By: Tom Scriven
The Securities and Exchange Commission (the “SEC”) adopted on August 23, 2023, a final set of rules (the “Final Rules” or “Rules”) under the Investment Advisers Act of 1940, as amended (the “Advisers Act”) which are expected to have significant impact on the private funds industry. The Final Rules significantly increase the compliance requirements applicable to advisers to private funds who are registered with the SEC pursuant to the Advisers Act. Exempt reporting advisers and state investment advisers who advise private funds are subject to many, although not all, of the Final Rules.
The Rules subject private fund advisers to new regulations applicable to practices the SEC has determined have the potential to lead to investor harm and to substantial recordkeeping requirements regarding compliance with the Final Rules. The Rules also prohibit certain practices that the SEC has deemed to be contrary to public interest and to the protection of investors, subject, in most instances, to an exception if the adviser adequately discloses such practices and obtains investors’ consent. While the Final Rules generally apply only to private fund advisers, they require that all registered investment advisers (“RIAs”), regardless of whether they advise private funds, document an annual review of their compliance policies and procedures.
The Final Rules require that RIAs annually obtain audited financial statements of each private fund advised and, with respect to secondary transactions led by the adviser, obtain a fairness opinion or valuation opinion from an independent opinion provider. The Rules require that private fund advisers (whether or not they are RIAs) provide investors with disclosures regarding certain practices involving compensation schemes, preferential treatment of select investors, and conflicts of interest and, with respect to certain such practices, obtain investors’ consent.
Although far reaching, the Final Rules do not go as far as prior SEC proposals which would have introduced outright prohibitions on several practices that have become commonplace in the fund management industry, including limiting carried interest clawbacks to after-tax distributions, allocating certain expenses among related funds on an other-than-pro rata basis, and indemnifying and reimbursing the manager for costs of certain regulatory exams, investigations and enforcement proceedings involving the manager. The SEC opted to subject these practices to disclosure and consent requirements in lieu of imposing an outright prohibition in response to significant feedback and comments received by the SEC from asset management industry groups, institutional investors, private fund advisers and others.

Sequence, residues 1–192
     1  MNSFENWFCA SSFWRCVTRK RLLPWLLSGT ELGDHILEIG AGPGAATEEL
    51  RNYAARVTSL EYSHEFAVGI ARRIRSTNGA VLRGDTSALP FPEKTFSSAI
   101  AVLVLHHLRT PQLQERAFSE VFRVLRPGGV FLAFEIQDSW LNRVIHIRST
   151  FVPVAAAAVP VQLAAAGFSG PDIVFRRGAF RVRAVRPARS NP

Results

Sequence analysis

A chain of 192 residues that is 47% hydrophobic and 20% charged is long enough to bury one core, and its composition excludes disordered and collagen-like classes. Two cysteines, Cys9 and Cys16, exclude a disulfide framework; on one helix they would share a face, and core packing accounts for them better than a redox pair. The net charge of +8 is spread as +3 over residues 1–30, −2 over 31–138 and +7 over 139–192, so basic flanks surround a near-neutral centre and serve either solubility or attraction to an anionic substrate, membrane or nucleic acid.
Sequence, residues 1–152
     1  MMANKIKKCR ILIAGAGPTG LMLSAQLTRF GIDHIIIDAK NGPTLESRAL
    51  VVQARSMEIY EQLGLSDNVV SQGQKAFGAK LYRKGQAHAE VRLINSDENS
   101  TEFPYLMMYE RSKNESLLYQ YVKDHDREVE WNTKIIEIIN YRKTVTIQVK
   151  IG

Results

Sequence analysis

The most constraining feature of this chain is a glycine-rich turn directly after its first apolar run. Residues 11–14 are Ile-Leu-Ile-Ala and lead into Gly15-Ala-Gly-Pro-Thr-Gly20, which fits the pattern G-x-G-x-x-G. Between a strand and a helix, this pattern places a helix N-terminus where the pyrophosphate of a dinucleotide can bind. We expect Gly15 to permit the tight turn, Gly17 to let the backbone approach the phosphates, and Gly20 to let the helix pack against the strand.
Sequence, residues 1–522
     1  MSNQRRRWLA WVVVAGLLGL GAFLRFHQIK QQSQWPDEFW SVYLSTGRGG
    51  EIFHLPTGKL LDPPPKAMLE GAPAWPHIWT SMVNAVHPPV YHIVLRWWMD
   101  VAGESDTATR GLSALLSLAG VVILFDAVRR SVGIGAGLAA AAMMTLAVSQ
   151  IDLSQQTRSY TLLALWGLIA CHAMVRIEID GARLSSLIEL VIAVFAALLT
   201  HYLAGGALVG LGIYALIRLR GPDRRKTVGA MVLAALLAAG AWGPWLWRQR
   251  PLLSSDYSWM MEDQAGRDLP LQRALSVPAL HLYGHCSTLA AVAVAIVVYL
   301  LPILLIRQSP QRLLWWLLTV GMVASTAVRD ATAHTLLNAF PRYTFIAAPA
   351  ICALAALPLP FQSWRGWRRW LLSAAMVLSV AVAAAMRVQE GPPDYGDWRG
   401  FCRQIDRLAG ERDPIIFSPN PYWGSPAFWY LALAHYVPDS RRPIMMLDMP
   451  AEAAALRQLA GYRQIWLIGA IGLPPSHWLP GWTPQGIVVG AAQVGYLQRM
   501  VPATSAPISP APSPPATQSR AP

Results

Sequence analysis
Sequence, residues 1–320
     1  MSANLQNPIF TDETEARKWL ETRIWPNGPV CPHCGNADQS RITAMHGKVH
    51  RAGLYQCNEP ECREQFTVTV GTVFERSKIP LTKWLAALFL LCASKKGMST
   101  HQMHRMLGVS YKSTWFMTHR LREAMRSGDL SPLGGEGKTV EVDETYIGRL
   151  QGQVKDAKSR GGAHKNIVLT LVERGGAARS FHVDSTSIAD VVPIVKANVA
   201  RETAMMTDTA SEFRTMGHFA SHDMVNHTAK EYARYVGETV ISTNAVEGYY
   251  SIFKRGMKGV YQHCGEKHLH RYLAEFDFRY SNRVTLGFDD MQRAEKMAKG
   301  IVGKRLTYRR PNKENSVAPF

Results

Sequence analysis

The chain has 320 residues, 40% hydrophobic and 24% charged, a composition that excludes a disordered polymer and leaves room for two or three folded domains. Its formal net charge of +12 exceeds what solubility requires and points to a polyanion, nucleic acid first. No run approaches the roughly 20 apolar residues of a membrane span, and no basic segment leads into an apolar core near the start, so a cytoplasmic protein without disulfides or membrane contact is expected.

The Rules are subject to a series of compliance dates. The requirement that RIAs document the annual review of their compliance policies and procedures goes into effect 60 days from the publication of the Final Rules in the Federal Register (which is the Rules’ “Effective Date”), and additional compliance dates, generally running from either 12 months or 18 months from the Effective Date, apply to other provisions of the Final Rules. The Final Rules provide existing private funds with only narrow exemptions from certain of the Rules’ prohibitions on manager practices but not from its other compliance requirements.
We will provide more detailed guidance with respect the Final Rules and their expected impact on managers of private funds in a forthcoming alert.
In the meanwhile, RPCK’s lawyers are available to assist with any questions you may have regarding the Final Rules and their implications and requirements. Please contact the RPCK attorney with whom you usually work in RPCK’s investment funds practice group or Tom Scriven, Senior Counsel and head of RPCK’s Denver office at email@example.com or (720) 778-3062.
To read the SEC’s Private Fund Adviser Rules, click here.
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